It is important to talk to my students and teach my students about how to become visually literate in this world of digital photography and manipulation. It starts with teaching them about what is ethical or not ethical. It is also about teaching them about what is fiction or fact when portraying digital images. I discuss visually literacy and ethics by showing my students resources, such as the resources suggested on the Adobe Education Exchange. I then let them practice digital manipulation for themselves. The steps that I use are usually: introduce by showing, lecture, practice real projects, and review and reflect.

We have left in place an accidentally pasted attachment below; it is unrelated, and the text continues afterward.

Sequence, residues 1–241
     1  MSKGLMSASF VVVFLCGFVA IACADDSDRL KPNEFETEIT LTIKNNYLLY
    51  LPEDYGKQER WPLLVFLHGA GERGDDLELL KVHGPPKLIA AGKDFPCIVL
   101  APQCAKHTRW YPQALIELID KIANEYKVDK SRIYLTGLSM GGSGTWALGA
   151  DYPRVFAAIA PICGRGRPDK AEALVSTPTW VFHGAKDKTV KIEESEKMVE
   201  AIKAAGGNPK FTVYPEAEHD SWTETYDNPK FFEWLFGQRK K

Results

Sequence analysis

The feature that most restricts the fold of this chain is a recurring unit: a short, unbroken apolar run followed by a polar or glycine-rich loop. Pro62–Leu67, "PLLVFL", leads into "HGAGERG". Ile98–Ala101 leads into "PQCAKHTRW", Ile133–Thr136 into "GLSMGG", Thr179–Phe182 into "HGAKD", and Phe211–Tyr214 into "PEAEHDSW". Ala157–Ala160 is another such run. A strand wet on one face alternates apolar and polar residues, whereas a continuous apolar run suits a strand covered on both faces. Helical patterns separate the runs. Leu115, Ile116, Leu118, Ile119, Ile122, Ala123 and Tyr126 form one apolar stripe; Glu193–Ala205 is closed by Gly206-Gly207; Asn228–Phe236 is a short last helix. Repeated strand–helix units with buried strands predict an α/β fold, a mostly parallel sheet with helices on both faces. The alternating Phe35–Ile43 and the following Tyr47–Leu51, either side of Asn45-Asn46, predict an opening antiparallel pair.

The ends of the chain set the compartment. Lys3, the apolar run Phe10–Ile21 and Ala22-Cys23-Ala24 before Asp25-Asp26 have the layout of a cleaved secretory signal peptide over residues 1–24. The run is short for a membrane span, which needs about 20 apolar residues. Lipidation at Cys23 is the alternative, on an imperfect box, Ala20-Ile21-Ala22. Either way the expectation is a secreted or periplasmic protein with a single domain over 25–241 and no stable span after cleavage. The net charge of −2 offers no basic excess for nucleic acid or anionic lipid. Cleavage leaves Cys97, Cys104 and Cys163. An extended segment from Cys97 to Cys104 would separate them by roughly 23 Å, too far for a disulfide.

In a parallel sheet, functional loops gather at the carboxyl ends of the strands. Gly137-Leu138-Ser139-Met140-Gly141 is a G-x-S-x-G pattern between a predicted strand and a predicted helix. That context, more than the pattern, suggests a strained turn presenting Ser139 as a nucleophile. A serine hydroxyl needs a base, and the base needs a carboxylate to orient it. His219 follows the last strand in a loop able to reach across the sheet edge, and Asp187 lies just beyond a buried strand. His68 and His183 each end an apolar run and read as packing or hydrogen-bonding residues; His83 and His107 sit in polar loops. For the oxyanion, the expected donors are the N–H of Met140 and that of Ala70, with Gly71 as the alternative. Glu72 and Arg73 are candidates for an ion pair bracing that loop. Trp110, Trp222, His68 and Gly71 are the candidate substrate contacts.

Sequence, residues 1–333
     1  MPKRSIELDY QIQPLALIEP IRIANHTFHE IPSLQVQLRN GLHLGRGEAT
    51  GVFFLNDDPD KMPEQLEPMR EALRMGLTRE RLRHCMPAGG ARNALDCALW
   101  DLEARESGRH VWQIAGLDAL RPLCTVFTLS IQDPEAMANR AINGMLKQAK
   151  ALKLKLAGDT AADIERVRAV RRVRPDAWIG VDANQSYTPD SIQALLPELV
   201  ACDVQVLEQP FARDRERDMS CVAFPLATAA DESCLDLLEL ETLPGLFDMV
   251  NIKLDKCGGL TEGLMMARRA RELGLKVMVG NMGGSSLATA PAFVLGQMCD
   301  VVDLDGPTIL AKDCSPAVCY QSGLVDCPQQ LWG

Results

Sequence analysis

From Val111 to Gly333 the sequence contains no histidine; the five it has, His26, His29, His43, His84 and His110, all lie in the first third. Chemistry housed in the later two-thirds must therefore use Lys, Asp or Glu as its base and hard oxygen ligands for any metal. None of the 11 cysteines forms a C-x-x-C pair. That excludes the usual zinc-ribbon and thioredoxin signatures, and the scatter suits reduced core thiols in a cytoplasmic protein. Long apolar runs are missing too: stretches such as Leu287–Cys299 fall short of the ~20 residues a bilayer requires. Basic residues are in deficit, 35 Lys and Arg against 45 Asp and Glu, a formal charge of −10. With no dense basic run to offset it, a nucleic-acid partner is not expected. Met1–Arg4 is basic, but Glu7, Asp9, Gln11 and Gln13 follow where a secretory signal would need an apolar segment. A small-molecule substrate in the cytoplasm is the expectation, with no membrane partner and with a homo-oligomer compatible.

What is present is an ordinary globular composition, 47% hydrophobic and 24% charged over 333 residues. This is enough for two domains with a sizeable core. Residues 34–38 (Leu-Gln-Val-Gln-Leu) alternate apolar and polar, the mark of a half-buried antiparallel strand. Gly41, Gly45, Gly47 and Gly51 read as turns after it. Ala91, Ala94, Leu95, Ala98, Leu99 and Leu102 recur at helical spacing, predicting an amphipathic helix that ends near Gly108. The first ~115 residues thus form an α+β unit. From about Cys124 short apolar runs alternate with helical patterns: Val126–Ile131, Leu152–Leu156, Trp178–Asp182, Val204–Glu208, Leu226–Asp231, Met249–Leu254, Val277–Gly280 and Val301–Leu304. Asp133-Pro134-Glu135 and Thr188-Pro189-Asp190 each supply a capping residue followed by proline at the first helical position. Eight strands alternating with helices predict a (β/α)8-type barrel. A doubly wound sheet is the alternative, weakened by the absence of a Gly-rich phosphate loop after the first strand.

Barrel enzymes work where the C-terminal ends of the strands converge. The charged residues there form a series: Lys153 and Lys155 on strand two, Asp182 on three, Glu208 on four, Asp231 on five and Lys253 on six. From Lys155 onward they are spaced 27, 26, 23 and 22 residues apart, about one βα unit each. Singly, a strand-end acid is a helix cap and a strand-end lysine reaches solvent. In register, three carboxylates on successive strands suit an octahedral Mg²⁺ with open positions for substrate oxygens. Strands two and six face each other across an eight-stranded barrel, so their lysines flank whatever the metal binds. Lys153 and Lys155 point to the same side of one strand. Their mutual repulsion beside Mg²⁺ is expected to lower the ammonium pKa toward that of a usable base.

As the year winds down, we have had many great resources shared here on the Ed Exchange, some found and others created by our members. Which ones stand out as the best resources this year? Why not comment and we can compile a shortlist of the best of the best?
Create your first digital story with students using this workshop, the first in a series of three designed to help teachers address visual literacy in the classroom.
Learn the basics of Premiere Elements, a simple yet powerful tool for video creation.
I love to teach people to use new tools and to explore new ideas, and to learn new things. When not teaching I like to create art sculpting and painting.